.93

4.17 AUG. 2

ALOHA VEGGIES 2 cups sliced carrots 1 (8 oz.) can pineapple tidbits 1/4 cup chopped green pepper 1 cup chicken broth 2 tbsp. minced onion 1 tsp. parsley 2 tsp. cornstarch Cook carrots in chicken broth 10 minutes. Add onion and parsley. Drain pineapple and reserve liquid. Stir in pineapple and green pepper. Cook 1 minute. Combine cornstarch with reserved juice. Stir into simmering vegetables. Cook until thickened. Makes 6 servings

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Rates: Text: $15 per inch Photo: $25 Art: $15

Approx. 21 words per column inch

(Dove, Heart, Flag, Rose)

4.28 FOR PEACE? PUSH The North County Peace Forum invites the community to join them Aug. 2, at the Broken Yolk Cafe, 101 S. Las Posas Road, in the Grand Plaza, San Marcos. Decide if this organization, that provides a platform to promote ideas and activities leading to peace, justice, prosperity and a world without war, meets your interest. For

AUG. 3

TRAVEL TO ISRAEL Join Encinitas resident, travel writer and former anthropology /sociology teacher TR Robertson and his wife Carolyn for their “Bucket-List” trip. A 13-day trip to Israel and Jordan, is being planned, leaving Nov. 3, 2018. For more detailed information, visit http://carolynrobertson.grouptoursite.com/ and tour number 62445096 or call (800) 4387672.

MAKE NEW FRIENDS Catholic Widows and Widowers of North County support group for those who desire to foster friendships through various social activities will attend the “High Tide Society” concert Aug. 4 in Calavera Hills Community Park, Carlsbad. Reservations are necessary, at (858) 674-4324.

MARK THE CALENDAR

KIDS AND POETRY Escondido Public Library will host the Kids! San Diego Poetry Annual summer workshop for children ages 7 to 12 from 11 a.m. to 1 p.m. Aug. 11 at 239 S. Kalmia St., Student work will be published in the 2017 Kids! San Diego Poetry annual. Writing materials will be provided. Registration is required at ksdpa.com/workshops and is limited to 20 participants. SOLANA BEACH CAMP OUT Get registered now at cityofsolanabeach. org, clicking on the Family Camp Out, for the Solana Beach's annual Family Camp Out event from 5 p.m. Aug. 5 to 9 a.m. Aug. 6 at La Colonia Park. Activities will include a traditional campfire program, and s'mores. Spaghetti dinner and pancake breakfast are included. Cost is $25 per family (only one person per family needs to register). Call the Parks and Recreation Department for more information at (858) 720-2453. SNORES AND S’MORES Register by Aug. 11 for the Carlsbad City Snores & S’mores family campout from 5 p.m. Aug. 12 until 9 a.m. Aug. 13, at Aviara Community Park at 6435 Ambrosia Lane. Enjoy games, crafts and activities, dinner, s’mores and watch “Sing.” Sunday morning has breakfast and an early morning hike. The event is $25 per person and is free for ages 3 and younger. Registration is required by Aug. 11. To sign up, visit carlsbadconnect. org, under special events. For additional information, contact Rachael Shay, special events supervisor, rachael.shay@carlsbadca.gov or (760) 602-7519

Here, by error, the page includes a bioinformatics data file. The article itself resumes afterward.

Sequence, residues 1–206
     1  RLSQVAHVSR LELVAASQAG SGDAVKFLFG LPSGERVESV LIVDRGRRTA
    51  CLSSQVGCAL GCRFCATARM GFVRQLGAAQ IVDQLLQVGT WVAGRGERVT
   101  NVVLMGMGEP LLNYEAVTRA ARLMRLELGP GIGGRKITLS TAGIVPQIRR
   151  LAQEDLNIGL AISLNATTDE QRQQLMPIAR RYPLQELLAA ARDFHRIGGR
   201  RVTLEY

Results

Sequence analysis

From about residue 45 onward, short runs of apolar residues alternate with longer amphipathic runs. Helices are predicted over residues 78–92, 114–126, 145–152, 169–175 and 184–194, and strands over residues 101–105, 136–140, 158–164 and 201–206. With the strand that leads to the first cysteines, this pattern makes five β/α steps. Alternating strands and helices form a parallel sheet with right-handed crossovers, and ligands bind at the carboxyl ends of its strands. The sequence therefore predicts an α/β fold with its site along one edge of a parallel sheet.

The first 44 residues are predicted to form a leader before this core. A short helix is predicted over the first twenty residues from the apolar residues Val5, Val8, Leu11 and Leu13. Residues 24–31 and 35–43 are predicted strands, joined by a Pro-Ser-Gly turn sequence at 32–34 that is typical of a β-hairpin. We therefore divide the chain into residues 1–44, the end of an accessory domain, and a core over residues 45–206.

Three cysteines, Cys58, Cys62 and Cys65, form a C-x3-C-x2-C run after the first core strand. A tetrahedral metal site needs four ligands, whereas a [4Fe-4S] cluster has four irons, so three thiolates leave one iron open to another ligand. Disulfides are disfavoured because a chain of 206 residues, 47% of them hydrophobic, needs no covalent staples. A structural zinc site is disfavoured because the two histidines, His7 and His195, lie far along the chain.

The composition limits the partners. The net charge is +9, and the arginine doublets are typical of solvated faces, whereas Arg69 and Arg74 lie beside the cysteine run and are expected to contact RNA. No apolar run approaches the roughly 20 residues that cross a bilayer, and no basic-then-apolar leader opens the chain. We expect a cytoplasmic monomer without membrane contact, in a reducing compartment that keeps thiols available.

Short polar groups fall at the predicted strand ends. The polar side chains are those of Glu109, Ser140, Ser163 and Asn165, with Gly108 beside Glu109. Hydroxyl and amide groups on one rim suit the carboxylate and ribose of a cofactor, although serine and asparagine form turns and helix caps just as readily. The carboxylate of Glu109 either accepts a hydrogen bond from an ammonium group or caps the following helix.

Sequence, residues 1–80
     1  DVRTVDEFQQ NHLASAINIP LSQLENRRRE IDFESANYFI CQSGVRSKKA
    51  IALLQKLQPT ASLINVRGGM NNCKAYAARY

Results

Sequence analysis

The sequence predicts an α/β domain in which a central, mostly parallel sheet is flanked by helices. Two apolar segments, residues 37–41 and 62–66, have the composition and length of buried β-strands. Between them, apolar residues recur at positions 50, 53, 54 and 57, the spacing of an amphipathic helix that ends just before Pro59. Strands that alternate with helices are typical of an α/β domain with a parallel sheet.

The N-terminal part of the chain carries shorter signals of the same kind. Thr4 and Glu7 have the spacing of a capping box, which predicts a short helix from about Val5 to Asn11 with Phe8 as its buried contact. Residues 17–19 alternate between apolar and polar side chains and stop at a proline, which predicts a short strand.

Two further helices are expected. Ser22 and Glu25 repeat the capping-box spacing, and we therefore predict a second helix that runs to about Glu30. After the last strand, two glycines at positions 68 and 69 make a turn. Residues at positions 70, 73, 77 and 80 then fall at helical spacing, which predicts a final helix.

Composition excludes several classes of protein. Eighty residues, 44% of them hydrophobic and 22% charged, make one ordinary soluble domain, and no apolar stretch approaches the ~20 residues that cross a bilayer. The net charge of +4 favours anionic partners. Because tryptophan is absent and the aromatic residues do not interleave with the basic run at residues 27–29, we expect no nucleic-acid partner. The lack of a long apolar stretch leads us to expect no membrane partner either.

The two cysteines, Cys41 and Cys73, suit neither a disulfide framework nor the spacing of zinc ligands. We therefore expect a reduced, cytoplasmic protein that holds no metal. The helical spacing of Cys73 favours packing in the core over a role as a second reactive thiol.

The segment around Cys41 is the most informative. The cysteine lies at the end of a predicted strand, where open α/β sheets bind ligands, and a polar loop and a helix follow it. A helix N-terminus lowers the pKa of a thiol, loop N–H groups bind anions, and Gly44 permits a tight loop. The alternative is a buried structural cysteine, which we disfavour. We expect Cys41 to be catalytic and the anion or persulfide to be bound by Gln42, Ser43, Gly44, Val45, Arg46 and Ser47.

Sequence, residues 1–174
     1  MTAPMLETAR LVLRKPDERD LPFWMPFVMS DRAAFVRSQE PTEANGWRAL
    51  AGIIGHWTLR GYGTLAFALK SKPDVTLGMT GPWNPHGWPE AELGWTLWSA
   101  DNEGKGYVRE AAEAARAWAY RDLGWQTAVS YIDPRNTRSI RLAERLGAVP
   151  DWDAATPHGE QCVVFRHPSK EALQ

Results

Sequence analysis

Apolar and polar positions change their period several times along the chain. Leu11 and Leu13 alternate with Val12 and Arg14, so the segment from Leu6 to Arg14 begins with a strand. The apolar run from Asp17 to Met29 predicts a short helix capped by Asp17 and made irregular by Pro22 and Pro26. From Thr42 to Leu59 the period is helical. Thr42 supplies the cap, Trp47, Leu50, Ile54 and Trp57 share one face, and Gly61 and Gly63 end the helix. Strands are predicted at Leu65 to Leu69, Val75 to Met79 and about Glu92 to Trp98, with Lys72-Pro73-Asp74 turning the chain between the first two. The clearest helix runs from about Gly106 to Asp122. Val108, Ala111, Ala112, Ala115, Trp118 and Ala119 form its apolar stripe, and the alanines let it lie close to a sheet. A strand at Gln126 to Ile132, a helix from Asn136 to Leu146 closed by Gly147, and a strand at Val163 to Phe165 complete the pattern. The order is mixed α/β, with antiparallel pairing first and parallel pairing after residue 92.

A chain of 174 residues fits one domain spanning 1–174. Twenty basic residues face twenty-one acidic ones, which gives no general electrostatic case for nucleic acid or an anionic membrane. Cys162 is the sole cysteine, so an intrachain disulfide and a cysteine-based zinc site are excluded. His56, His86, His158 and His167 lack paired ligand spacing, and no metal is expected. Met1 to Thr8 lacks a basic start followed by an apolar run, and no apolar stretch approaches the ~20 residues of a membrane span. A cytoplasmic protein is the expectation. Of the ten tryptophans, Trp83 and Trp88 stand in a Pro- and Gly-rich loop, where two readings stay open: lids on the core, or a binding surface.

JULY 28, 2017

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JULY 28, 2017

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JULY 28, 2017

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T he C oast News - I nland E dition

your profile or enhance your reputation will put you in a good position. Celebrate new opportunities with someone you love. Romance is highlighted.

SOUP TO NUTS by Rick Stromoski

By Eugenia Last FRIDAY, JULY 28, 2017

FRANK & ERNEST by Bob Thaves

THE BORN LOSER by Art & Chip Sansom

BIG NATE by Lincoln Peirce

MONTY by Jim Meddick

ARLO & JANIS by Jimmy Johnson

THE GRIZZWELLS by Bill Schorr

ALLEY OOP byJack & Carole Bender

Communication will be important. Say what’s on your mind and get the lowdown on what your friends and co-workers are thinking. Don’t lose sight of the truth. Practical changes will put you in a stronger position to reach your goals. Travel, education and romance are highlighted.

CAPRICORN (Dec. 22-Jan. 19) -- Expect the unexpected. Refuse to get entangled in someone else’s impulsive actions. Protect against loss or excessive behavior. Walk away from anyone who is a poor influence.

AQUARIUS (Jan. 20-Feb. 19) -- Refuse to let others pressure you. Too much of anything is a bad idea. Avoid indulgence, overspending or taking on too much. Focus on romance and personal growth.

PISCES (Feb. 20-March 20) -- Personal relationships must be handled with care. If you volunteer or sign up for activities or projects, someone close to you will feel neglected and overreact. Include loved ones.